PARKFIELD, CALIF. — PARKFIELD, Calif. -- Lilly Massey was standing at ground zero behind the bar of the Parkfield Cafe and scoffing at the notion of the coming earthquake.
"I hope it does happen," the 31-year-old Parkfield native said yesterday cheerily. "For their sake. They've been here almost 10 years."
"They" are the band of scientists who have been ensconced in this tiny ranching community in Monterey County for years, studying its shifting geology.
The studies and a 4.7-magnitude temblor that struck Parkfield Monday night prompted state officials to issue their first ever Level A earthquake warning, its highest type of alert.
The state Office of Emergency Services warned residents of seven counties within a 30-mile radius that a strong earthquake -- magnitude 6.0 -- could hit the town before midnight tomorrow.
Parkfield straddles the San Andreas fault, the great divide that marks the northerly passage of one section of the Earth's crust, the Pacific Plate, along the edge of another, the North American.
The Parkfield segment of the fault is among the most interesting to scientists because it is most congenial to study.
"The earthquakes there are almost always of the same magnitude, almost always centered in the same place, and almost always occur every 22 years," said Pat Jorgenson, spokeswoman for the U.S. Geological Survey in Menlo Park, which operates the Parkfield experiments.
While officials issued a 72-hour alert, it was the first 17 minutes after the quake late Monday night that had scientists holding their breath. After the last strong quakes in June 1966 and May 1934, a curious pattern emerged.
"For both, the main shock was preceded by a 5.5 shock at about almost exactly 17 minutes prior to the main shock, so last night when
we got the 4.7 we all watched the clocks very closely for the next several minutes," said Ms. Jorgenson.
The ground around Parkfield is wired like no other place in the world. More than 100 instruments, including some 1,500 feet underground, are set to measure such things as strains and movements, gas emissions, changes in water level and electrical phenomena.
"We hope we can actually trap an earthquake and record these things rather than just hearing rumors about them," said Evelyn Roeloff, former chief of the USGS Parkfield project.
State Emergency Services spokesman Tom Mullins said the agency deployed a number of resources and notified a wide range of agencies, emergency medical centers, operators of hazardous materials pipelines and utilities.
"We have to treat it as if the earthquake is going to happen," he said, although officials set the likelihood of a strong quake at 37 percent. "It's a difficult task, because we don't want people to over-react."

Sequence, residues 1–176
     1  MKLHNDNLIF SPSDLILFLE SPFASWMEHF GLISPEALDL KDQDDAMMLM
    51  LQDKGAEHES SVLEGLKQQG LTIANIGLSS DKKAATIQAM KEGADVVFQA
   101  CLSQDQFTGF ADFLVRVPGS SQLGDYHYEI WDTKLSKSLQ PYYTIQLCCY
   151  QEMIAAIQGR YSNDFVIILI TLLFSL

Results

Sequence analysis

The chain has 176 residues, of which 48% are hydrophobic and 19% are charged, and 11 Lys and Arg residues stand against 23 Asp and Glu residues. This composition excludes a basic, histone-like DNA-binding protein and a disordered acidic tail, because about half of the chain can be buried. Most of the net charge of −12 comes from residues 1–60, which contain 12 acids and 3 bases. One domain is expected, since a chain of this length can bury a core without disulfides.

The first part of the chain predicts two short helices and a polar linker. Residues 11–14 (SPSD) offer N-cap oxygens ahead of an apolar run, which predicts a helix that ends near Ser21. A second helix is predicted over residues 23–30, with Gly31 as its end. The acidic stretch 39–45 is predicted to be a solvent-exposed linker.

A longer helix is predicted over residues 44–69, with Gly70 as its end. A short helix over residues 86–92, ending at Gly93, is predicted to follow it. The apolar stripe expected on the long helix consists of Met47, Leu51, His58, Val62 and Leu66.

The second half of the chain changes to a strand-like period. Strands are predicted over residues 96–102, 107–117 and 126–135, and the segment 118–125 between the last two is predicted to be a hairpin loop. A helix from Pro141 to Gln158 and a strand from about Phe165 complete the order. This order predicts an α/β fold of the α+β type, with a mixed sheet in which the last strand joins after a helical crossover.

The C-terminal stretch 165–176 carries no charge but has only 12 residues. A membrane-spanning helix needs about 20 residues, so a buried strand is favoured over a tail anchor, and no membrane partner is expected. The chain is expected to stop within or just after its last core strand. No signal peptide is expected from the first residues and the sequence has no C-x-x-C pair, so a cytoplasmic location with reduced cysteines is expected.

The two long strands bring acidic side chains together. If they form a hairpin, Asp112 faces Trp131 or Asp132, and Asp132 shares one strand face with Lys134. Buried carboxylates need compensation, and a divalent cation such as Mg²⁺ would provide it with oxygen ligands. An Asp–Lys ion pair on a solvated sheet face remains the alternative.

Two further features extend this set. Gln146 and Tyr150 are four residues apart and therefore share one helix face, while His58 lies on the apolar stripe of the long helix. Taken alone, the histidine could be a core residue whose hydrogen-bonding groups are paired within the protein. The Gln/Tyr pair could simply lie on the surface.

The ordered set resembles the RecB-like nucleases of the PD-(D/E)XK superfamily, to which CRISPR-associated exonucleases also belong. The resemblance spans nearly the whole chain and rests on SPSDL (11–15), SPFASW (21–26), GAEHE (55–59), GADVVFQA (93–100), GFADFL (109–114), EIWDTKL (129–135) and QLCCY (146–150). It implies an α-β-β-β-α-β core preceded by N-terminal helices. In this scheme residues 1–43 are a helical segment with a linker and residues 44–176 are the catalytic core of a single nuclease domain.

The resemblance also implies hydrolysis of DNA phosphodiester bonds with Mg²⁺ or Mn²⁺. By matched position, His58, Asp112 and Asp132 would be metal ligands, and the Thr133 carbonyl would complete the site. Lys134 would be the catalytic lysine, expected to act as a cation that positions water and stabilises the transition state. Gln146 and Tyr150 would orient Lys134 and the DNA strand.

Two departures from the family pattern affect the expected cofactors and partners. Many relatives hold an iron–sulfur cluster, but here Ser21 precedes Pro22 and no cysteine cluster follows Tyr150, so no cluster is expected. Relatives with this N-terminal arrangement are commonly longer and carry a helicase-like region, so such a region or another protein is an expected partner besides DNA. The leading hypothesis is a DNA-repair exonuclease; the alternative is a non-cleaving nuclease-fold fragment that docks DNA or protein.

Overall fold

If it were a typical Parkfield quake, no injuries or property damage would be expected. No deaths have been reported since the first recorded Parkfield quake in 1857, authorities said, although after one tremor years ago, a shepherd was found mysteriously dead in a field.
Residents in the town of 34, where the largest buildings appear to be hay barns, are hardly running for cover.
"Not really," said 69-year-old Marge Lemieux, when asked whether she was concerned.
"Living here is not living in the city where there are skyscrapers to worry about. I live in a dual-wide mobile home where the only thing you worry about is it slipping off the concrete blocks or the propane tanks breaking."
Besides, this area is accustomed to the earth moving and bills itself as the "Earthquake Capital of the World."
"Be here when it happens" is the town slogan, and T-shirts emblazoned with the phrase are for sale at the local cafe.
On the walls of the rustic eatery are faded newspaper clips about past quakes and the constant studies of the area.
Parkfield is the only place where the U.S. Geological Survey has issued a specific earthquake prediction.
That came in 1985, when the Geological Survey said a 6.0-magnitude earthquake would strike along the San Andreas fault there by 1993.
That prediction has brought the town much notoriety, but nothing like the OES warning issued Monday night.
By yesterday, the one winding road into town was clogged with TV satellite trucks, news cars and mobile OES communications center.
News helicopters fluttered overhead while area locals rolled their eyes in amusement at the hubbub.
"It's not like the Earth is going to open up and swallow us," said Betty Pierce, who works in the Chamber of Commerce in nearby Avenal.
Ms. Massey said all the attention, which includes making the national network news, has been gratifying.
"It's pretty exciting for a little town that nothing ever happens in," she said.